With respect to the Borough's challenge to the validity of the EHB order, we first note that our review is limited to a determination of whether constitutional rights were violated, errors of law were committed, or necessary findings of fact were unsupported by substantial evidence. Department of Environmental Resources v. Borough of Carlisle, 16 Pa. Commonwealth Ct. 341,

[ 34 Pa. Commw. Page 578330]

A.2d 293 (1974). We will sustain a motion for summary judgment where:

'[T]he pleadings, depositions, answers to interrogatories, and admissions on file, together with the affidavits, if any, show that there is no genuine issue as to any material fact and that the moving party is entitled to a judgment as a matter of law.'

McFadden v. American Oil Co., 215 Pa. Superior Ct. 44, 48, 257 A.2d 283, 286 (1969).

The record reveals no dispute as to any material fact before the EHB. Section 203(b) of The Clean Streams Law, Act of June 22, 1937, P.L. 1987, as amended, 35 P.S. § 691.203(b), authorizes DER to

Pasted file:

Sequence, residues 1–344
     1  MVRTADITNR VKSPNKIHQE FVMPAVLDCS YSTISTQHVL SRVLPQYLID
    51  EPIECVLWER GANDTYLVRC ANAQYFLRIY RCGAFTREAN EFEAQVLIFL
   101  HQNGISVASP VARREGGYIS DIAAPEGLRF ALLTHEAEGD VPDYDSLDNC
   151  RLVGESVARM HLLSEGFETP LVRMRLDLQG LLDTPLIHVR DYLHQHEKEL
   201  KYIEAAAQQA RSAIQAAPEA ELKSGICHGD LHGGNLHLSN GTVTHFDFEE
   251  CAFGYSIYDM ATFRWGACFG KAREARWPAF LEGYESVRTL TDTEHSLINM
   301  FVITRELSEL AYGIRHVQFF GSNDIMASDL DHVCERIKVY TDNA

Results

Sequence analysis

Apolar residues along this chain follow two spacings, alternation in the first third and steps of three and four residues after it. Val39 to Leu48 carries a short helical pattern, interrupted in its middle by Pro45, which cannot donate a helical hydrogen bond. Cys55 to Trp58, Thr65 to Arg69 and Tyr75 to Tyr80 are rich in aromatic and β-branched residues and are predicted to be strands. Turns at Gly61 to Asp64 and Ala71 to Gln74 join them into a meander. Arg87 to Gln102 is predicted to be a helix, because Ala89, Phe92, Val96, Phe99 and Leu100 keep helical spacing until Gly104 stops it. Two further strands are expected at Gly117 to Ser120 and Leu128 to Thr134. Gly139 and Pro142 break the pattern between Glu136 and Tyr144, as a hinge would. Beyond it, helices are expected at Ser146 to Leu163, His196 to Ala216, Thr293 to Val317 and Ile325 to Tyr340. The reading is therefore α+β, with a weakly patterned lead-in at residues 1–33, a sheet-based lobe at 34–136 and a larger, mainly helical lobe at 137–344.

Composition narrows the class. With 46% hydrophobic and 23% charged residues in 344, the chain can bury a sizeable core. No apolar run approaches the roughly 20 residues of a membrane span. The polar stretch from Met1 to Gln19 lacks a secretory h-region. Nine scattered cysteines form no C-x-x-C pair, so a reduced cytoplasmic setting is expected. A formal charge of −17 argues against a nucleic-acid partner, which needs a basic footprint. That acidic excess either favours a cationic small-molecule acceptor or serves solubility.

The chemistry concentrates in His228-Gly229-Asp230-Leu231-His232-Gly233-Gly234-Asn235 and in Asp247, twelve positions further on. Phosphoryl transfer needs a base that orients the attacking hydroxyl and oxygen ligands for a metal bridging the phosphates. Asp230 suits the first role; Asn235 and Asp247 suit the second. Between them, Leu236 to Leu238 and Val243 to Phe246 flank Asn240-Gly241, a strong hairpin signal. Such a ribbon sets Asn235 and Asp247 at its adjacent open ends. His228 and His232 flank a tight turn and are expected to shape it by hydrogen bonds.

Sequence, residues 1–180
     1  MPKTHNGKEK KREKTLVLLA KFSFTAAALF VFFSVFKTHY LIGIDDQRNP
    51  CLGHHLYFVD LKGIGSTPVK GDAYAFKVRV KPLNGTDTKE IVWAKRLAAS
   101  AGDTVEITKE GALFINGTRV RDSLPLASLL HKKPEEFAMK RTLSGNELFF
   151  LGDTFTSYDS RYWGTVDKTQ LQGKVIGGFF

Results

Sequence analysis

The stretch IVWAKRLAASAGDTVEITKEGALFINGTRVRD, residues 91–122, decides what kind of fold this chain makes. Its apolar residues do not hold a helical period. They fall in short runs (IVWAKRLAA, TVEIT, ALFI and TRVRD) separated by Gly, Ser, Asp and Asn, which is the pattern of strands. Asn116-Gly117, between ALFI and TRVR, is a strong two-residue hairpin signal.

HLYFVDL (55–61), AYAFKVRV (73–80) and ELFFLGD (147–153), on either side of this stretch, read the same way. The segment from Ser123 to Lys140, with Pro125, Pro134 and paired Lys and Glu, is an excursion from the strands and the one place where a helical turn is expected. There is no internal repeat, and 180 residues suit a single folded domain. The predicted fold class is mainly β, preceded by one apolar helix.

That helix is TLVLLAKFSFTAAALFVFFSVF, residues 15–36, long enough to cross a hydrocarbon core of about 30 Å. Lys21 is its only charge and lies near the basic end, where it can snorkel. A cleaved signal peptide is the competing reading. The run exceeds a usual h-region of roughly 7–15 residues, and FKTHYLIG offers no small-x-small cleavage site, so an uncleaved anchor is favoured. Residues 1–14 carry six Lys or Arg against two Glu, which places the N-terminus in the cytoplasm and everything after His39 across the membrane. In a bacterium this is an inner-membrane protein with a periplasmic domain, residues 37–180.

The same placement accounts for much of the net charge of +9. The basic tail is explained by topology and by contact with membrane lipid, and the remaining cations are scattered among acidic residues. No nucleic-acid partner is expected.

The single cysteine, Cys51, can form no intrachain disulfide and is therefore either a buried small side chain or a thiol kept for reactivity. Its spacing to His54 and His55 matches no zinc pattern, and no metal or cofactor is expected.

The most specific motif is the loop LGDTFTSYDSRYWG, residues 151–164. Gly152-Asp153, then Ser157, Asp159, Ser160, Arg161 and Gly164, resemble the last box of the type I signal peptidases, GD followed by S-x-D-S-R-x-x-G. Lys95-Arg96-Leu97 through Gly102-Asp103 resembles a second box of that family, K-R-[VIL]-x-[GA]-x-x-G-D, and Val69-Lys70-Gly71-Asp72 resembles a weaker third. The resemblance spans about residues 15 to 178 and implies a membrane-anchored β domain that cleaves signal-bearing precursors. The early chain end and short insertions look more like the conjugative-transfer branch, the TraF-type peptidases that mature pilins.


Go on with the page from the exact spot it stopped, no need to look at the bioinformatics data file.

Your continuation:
issue appropriate orders to municipalities where such orders are found to be necessary to assure that there will be adequate sewer systems and treatment facilities to meet present and future needs or otherwise to meet the objectives of this act. Such orders may include, but shall not be limited to, orders requiring municipalities to undertake studies, to prepare and submit plans, to acquire, construct, repair, alter, complete, extend, or operate a sewer system or treatment facility, or to negotiate with other municipalities for combined or joint sewer systems or treatment facilities. Such orders may prohibit sewer system extensions, additional connections, or any other action that would result in an increase in the sewage that would be discharged into an existing sewer system or treatment facility.

[ 34 Pa. Commw. Page 579]